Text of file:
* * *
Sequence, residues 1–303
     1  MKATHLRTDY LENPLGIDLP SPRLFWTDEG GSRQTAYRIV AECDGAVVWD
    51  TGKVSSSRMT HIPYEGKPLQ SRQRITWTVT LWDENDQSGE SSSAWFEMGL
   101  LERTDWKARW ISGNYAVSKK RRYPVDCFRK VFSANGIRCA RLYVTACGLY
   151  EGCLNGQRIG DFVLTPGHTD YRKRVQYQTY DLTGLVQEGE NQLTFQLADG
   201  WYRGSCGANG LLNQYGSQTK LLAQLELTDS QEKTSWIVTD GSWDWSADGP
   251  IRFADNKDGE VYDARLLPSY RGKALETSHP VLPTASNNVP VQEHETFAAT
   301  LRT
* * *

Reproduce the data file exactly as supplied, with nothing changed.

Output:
Sequence, residues 1–303
     1  MKATHLRTDY LENPLGIDLP SPRLFWTDEG GSRQTAYRIV AECDGAVVWD
    51  TGKVSSSRMT HIPYEGKPLQ SRQRITWTVT LWDENDQSGE SSSAWFEMGL
   101  LERTDWKARW ISGNYAVSKK RRYPVDCFRK VFSANGIRCA RLYVTACGLY
   151  EGCLNGQRIG DFVLTPGHTD YRKRVQYQTY DLTGLVQEGE NQLTFQLADG
   201  WYRGSCGANG LLNQYGSQTK LLAQLELTDS QEKTSWIVTD GSWDWSADGP
   251  IRFADNKDGE VYDARLLPSY RGKALETSHP VLPTASNNVP VQEHETFAAT
   301  LRT